Another alternative, Roberts said, is a computer worm, which is a form of malware that spreads to other computers; he claimed this was a "combination of a virus attack and a DDoS attack" that could bring down a business's mainframe or networks. Unlike other attacks, it only affects certain systems and is benign to others – therefore even if an enterprise's corporate network goes down, the email functions may still work.
"There can also be malicious sites sitting out there that trigger your web browser to perform unwanted functions in your system," he added.
A fifth form of attack sometimes seen alongside a DDoS assault is an advanced persistent threat (APT). APTs are generally sophisticated forms of attack from tenacious cyber groups who won't give up until the hack is successful.
But why would a hacker need to use another form of attack in addition to DDoS on a targeted business?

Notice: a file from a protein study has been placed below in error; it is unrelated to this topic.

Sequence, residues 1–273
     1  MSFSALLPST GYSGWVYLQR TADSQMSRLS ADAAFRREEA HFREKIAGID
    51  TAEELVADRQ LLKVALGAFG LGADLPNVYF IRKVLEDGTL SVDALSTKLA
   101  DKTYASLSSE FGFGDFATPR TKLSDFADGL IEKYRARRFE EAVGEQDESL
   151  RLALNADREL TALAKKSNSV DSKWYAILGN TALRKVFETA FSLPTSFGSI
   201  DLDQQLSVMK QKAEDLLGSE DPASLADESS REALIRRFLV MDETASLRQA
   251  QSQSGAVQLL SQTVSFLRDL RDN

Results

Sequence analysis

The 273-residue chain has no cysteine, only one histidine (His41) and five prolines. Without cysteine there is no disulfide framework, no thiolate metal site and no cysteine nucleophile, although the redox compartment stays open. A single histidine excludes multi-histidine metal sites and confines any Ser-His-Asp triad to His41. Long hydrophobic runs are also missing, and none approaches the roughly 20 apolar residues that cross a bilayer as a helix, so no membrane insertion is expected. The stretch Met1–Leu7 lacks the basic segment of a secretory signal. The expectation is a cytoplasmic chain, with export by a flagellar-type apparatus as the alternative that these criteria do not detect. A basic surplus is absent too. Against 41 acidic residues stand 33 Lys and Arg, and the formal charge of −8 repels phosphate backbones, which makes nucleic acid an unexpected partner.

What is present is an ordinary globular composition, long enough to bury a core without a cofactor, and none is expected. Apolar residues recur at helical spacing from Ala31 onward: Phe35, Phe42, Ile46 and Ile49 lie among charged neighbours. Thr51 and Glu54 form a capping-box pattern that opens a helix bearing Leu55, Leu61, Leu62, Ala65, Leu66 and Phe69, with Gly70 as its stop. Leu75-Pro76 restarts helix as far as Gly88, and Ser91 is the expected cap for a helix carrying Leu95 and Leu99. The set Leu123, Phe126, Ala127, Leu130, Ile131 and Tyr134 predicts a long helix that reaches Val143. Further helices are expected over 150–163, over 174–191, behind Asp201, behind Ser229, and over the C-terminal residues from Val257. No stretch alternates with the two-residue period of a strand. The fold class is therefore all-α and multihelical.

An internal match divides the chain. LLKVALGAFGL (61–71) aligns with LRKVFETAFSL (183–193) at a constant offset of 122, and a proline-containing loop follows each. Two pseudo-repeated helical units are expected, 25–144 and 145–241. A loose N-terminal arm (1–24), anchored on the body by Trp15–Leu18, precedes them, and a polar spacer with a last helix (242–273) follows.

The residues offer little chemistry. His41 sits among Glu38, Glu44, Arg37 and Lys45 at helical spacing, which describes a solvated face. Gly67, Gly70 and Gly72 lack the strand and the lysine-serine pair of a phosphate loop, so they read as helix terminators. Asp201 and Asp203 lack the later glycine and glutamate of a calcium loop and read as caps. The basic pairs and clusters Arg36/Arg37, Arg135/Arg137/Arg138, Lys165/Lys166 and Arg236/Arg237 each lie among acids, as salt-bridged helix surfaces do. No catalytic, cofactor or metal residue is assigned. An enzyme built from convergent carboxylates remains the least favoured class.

The answer is often financial.
"DDoS can flood a system and stop it working but if you look at Trojan horses, websites and worms, these are not just about bringing down the system, these are used to copy and steal data, valuable files or services from users," Roberts explained.
This data can then be sold on, ransomed back to the business, or used in other ways to profit the attackers.
Jeff Aliber, senior product marketing manager at Kona Security Solutions Akamai, added that an application layer attack like an SQL injection or cross site script is also widely used to break into an application and steal data, while a DDoS attack is launched as a diversion.
But while the attacks may be used simultaneously, they would still be separate assaults, Ovum analyst Andrew Kellett told Computing.
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A discussion of the "risk perception gap", its implications and how it can be closed